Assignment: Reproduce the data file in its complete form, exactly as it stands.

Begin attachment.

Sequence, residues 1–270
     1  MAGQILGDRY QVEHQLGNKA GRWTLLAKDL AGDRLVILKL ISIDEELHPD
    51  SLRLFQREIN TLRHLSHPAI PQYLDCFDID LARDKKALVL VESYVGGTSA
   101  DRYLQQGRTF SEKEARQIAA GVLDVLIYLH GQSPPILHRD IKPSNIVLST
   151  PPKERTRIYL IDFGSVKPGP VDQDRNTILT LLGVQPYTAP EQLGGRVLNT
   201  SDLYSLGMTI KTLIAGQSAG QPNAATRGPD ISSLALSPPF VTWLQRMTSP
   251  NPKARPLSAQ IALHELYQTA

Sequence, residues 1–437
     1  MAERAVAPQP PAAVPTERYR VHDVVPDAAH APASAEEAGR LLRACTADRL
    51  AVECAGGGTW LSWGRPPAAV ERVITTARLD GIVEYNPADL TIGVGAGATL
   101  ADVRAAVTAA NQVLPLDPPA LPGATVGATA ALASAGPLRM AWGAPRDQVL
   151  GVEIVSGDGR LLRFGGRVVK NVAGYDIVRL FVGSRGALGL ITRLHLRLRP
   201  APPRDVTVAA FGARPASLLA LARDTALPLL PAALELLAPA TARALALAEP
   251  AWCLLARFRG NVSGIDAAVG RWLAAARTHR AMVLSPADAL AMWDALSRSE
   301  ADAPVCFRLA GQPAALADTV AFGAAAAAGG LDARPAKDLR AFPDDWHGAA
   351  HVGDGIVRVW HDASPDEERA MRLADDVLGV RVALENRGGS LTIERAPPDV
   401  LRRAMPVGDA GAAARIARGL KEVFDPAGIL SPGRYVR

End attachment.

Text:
Sequence, residues 1–270
     1  MAGQILGDRY QVEHQLGNKA GRWTLLAKDL AGDRLVILKL ISIDEELHPD
    51  SLRLFQREIN TLRHLSHPAI PQYLDCFDID LARDKKALVL VESYVGGTSA
   101  DRYLQQGRTF SEKEARQIAA GVLDVLIYLH GQSPPILHRD IKPSNIVLST
   151  PPKERTRIYL IDFGSVKPGP VDQDRNTILT LLGVQPYTAP EQLGGRVLNT
   201  SDLYSLGMTI KTLIAGQSAG QPNAATRGPD ISSLALSPPF VTWLQRMTSP
   251  NPKARPLSAQ IALHELYQTA

Sequence, residues 1–437
     1  MAERAVAPQP PAAVPTERYR VHDVVPDAAH APASAEEAGR LLRACTADRL
    51  AVECAGGGTW LSWGRPPAAV ERVITTARLD GIVEYNPADL TIGVGAGATL
   101  ADVRAAVTAA NQVLPLDPPA LPGATVGATA ALASAGPLRM AWGAPRDQVL
   151  GVEIVSGDGR LLRFGGRVVK NVAGYDIVRL FVGSRGALGL ITRLHLRLRP
   201  APPRDVTVAA FGARPASLLA LARDTALPLL PAALELLAPA TARALALAEP
   251  AWCLLARFRG NVSGIDAAVG RWLAAARTHR AMVLSPADAL AMWDALSRSE
   301  ADAPVCFRLA GQPAALADTV AFGAAAAAGG LDARPAKDLR AFPDDWHGAA
   351  HVGDGIVRVW HDASPDEERA MRLADDVLGV RVALENRGGS LTIERAPPDV
   401  LRRAMPVGDA GAAARIARGL KEVFDPAGIL SPGRYVR